Residential Architect

The Eichler Attraction

Added on by keith messick.

Joseph Eichler built homes that have a following.  Many people have fallen in love with the style and livability of these homes.  Owners covet their homes.

Why such patronage?  

Eichler had two things going for him.  The first was location.  He built his homes in California.  The weather in California is temperate; very forgiving.  It does not have the extremes that other locations across the country have.  His homes took full advantage of their location. 

The second was design.  While Joseph Eichler was a production builder (he built tract homes), he hired architects to design the homes he built.  This approach yielded designs that were simple, clean, and elegant. 

The homes were modest in size, but took full advantage of the California climate.  The designs almost always included big expanses of glass, which created a strong visual and physical connection to the exterior.  The spaces flowed seamlessly from inside to out. The result was homes that did not look or live like other tract homes.  The outdoor connection, often through the use of atriums, made the homes feel much larger than they actually were.  And while many of his homes date back to the 1940's, Eichler homes still look fresh and unique today.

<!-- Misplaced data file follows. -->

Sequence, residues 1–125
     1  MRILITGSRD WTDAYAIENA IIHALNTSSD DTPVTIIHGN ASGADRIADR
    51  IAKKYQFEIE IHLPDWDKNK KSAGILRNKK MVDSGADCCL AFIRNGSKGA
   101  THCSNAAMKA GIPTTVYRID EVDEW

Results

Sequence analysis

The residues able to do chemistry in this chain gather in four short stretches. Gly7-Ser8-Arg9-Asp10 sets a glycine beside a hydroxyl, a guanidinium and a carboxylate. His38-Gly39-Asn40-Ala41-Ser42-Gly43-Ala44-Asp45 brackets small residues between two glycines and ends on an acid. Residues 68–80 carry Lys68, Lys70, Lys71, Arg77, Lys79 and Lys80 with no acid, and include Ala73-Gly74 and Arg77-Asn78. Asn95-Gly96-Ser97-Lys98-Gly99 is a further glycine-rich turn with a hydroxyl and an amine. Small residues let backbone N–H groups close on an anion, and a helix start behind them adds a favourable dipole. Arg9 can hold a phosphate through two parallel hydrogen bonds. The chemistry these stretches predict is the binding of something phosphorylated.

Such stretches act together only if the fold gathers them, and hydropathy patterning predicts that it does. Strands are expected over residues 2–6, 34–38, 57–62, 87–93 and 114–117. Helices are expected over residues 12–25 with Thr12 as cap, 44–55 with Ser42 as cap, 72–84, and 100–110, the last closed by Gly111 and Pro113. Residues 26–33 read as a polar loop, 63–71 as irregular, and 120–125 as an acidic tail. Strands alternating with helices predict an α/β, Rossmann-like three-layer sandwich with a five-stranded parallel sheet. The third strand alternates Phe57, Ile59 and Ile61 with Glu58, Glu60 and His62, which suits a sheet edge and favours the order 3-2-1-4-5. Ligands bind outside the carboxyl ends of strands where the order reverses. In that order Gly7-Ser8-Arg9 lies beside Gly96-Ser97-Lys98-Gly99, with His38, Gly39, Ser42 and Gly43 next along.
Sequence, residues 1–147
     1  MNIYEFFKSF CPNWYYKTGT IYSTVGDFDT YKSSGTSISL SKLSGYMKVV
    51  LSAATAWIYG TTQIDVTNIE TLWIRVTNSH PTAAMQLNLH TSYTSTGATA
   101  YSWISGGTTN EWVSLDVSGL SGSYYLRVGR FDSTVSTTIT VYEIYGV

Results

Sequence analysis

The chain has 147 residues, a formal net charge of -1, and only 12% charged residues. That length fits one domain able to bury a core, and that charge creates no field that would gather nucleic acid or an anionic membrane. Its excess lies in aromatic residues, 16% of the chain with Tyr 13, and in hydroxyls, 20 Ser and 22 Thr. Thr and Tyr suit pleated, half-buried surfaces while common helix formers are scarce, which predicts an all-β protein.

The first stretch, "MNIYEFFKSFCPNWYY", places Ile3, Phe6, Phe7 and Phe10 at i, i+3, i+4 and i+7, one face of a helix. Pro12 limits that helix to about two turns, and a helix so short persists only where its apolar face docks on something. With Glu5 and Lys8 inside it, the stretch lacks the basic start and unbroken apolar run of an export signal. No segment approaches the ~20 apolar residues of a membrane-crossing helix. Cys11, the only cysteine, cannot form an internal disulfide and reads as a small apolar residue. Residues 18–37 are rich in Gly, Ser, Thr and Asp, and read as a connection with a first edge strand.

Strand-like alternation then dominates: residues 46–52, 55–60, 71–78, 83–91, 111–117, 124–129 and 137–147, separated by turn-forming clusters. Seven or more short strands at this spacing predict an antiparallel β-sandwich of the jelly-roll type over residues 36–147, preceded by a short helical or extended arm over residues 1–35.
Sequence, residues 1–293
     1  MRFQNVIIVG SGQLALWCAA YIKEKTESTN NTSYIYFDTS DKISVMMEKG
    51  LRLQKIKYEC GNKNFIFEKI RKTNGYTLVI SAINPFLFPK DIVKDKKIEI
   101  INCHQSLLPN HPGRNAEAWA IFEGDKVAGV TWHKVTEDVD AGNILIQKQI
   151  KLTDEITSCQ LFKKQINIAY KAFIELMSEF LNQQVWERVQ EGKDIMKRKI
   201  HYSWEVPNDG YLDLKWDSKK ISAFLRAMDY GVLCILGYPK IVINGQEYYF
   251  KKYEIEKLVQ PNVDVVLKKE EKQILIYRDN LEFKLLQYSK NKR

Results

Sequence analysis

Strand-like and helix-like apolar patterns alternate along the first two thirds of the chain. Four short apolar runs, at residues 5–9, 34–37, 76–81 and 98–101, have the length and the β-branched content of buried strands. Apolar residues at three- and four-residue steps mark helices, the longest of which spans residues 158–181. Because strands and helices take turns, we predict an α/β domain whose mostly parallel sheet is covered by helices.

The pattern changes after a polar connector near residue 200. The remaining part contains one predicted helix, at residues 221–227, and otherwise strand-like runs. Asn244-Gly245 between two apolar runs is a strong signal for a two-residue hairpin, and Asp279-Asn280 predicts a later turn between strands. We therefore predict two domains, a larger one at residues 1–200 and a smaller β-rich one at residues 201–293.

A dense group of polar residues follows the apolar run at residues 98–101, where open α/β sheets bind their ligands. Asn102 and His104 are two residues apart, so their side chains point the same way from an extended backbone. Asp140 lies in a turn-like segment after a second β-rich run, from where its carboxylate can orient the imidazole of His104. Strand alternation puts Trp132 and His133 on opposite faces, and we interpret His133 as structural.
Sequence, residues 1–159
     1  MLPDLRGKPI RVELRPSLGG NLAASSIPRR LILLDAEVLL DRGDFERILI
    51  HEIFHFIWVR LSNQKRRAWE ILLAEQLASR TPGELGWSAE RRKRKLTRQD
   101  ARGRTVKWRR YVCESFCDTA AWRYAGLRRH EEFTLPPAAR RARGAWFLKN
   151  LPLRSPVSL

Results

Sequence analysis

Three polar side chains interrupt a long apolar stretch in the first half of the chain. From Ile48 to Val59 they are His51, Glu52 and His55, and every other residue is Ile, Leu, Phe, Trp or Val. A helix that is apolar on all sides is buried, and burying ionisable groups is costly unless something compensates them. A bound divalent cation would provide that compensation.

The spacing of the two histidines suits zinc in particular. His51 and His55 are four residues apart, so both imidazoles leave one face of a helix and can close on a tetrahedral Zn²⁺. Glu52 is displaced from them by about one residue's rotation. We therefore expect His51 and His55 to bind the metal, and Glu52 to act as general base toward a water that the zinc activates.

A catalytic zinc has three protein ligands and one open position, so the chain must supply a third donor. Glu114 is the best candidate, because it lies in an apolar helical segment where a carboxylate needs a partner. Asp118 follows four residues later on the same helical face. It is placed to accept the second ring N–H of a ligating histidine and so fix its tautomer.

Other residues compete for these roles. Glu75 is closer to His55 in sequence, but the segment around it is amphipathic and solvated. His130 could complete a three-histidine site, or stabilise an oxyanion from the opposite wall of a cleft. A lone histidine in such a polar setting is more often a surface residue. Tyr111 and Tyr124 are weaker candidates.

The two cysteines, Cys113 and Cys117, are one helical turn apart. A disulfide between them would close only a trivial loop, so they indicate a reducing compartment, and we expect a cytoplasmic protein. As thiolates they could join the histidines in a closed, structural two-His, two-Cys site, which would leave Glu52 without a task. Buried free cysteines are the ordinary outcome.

The key here is that Eichler hired architects to design the homes he built.  There are thousands of tract homes across the United States.  People live in them.  They serve the purpose of providing shelter and a place to call home.  However, none of them have a following like the Eichler's.  

While I have a biased view on and a vested interest in this topic, I would recommend hiring an architect for your project.  At the very least, I would suggest discussing your project with an architect.  Their designs can create lasting, tangible equity.